Some people see the landmark decision out of Oklahoma as a turning point in the nation's fight against opioids.
A judge is ordering drug maker Johnson & Johnson to pay over half a billion dollars for its role in the crisis.
One emergency room doctor hopes their unique program combined with court battles against drug companies might finally help fix the crisis.
“Nationally this is a huge epidemic,” says Dr. Ashley Curry, an emergency psychiatrist with Denver Health.
It's estimated that over 130 people die every single day from an opioid overdose. And even for those who recognize they may have a problem, it can take months to get help and a prescription for the medication they might need to help them.
Curry is part of the team of doctors at Denver Health's "Treatment on Demand" program.
“We recognized that there was really a gap in when people were ready to start treatment and how quickly they could access that treatment, so we were trying to fill that gap,” Curry says.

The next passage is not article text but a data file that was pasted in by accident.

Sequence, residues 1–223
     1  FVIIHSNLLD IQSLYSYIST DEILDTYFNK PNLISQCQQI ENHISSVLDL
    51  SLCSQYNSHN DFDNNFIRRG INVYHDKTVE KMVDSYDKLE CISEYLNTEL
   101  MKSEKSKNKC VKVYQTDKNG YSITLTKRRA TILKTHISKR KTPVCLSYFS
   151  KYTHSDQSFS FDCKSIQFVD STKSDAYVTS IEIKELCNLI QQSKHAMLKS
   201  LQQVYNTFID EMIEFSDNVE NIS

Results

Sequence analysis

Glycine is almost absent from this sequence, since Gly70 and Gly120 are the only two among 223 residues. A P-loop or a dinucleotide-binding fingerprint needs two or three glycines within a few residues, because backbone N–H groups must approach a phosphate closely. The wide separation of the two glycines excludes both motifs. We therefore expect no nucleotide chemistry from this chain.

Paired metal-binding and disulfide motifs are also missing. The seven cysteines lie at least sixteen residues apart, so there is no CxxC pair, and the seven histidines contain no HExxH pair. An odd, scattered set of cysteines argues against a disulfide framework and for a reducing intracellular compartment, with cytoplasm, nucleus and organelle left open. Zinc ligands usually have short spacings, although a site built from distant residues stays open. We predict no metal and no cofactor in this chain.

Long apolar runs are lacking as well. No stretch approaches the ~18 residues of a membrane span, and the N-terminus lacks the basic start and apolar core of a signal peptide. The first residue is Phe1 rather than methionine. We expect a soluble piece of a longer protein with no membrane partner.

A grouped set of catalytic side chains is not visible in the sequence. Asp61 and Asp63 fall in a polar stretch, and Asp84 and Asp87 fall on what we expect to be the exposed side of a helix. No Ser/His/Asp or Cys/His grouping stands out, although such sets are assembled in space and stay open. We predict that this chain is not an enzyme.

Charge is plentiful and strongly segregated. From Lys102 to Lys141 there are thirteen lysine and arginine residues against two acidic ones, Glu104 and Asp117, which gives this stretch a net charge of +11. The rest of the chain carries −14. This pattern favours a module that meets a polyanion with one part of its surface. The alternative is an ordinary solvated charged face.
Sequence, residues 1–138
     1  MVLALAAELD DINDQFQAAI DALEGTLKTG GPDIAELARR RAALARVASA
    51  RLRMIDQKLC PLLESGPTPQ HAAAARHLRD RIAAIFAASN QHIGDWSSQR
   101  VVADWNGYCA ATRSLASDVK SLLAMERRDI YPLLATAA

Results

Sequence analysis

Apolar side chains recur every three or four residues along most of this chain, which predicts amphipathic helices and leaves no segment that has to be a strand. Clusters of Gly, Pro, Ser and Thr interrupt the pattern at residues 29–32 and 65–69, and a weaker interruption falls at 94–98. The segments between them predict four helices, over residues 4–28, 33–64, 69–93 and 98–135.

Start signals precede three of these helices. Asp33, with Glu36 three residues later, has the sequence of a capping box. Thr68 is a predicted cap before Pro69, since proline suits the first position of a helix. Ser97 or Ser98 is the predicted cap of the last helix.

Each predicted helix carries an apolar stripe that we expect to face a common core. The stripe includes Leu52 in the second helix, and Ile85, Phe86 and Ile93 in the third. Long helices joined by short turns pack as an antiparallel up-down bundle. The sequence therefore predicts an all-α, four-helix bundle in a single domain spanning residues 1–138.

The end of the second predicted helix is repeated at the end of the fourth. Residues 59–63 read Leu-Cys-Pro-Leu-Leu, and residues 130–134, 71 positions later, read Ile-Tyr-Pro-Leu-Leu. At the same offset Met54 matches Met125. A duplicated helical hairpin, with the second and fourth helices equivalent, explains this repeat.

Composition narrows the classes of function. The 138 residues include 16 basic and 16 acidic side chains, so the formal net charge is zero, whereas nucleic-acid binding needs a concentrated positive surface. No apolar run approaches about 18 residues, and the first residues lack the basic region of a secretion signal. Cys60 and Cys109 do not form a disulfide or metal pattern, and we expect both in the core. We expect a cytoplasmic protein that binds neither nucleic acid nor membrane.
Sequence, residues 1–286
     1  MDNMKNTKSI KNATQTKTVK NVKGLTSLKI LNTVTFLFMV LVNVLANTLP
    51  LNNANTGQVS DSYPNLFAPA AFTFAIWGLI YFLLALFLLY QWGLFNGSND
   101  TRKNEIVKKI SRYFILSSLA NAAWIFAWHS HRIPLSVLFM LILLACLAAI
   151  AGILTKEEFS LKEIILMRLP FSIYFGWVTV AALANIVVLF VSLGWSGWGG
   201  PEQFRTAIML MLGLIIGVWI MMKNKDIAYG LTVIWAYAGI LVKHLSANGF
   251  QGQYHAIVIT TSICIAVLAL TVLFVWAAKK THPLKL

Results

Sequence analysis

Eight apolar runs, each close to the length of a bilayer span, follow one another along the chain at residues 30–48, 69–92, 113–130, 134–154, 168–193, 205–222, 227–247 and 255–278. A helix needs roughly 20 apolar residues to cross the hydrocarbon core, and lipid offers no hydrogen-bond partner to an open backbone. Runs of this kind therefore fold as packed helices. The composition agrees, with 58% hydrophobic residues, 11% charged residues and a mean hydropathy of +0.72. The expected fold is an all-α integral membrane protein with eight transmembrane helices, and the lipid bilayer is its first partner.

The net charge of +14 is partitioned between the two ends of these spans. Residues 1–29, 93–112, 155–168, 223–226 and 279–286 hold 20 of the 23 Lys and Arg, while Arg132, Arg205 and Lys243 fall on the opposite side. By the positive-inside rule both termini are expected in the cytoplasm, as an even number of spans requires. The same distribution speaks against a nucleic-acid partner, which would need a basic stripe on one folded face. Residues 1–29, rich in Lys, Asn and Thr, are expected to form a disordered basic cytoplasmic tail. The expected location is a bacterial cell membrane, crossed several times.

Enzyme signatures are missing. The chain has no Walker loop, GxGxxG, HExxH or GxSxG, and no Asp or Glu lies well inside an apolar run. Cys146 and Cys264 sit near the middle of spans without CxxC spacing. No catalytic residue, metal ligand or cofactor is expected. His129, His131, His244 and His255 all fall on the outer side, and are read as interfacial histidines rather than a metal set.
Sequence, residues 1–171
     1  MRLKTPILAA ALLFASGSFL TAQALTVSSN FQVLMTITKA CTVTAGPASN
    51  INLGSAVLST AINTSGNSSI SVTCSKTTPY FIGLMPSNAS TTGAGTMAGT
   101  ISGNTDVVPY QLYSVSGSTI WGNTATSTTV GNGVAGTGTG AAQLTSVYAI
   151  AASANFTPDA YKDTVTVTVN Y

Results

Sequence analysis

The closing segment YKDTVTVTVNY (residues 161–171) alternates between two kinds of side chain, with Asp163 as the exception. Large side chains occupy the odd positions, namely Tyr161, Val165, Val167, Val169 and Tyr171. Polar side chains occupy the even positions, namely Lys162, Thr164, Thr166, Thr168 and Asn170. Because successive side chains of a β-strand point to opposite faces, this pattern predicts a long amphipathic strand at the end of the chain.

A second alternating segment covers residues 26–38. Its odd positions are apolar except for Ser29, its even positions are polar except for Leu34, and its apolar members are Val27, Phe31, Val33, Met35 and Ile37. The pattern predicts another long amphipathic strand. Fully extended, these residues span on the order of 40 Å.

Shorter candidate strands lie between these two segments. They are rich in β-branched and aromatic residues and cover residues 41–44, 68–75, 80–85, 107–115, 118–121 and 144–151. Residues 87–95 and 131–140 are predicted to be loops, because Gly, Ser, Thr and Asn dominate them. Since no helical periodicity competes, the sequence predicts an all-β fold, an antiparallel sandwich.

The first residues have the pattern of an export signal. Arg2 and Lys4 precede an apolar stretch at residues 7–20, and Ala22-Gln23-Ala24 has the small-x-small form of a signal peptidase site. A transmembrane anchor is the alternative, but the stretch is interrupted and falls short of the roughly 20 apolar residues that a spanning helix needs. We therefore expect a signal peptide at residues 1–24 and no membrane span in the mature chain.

Their solution? Same day treatment.
“Day or night, 24/7, our emergency room is open and people can come in and start on medication-assisted treatment,” Curry says.
About 300 patients so far have used the hospital's emergency department for treatment, and about 70 percent have continued with clinic follow-ups.
Curry hopes that Monday’s verdict against drug maker Johnson & Johnson means the tide might finally be turning.
“I think that verdict really helps represent like the collective consciousness about how problematic opioid use has become for our country,” Curry says. “We are recognizing this is a major problem and it's a public health crisis.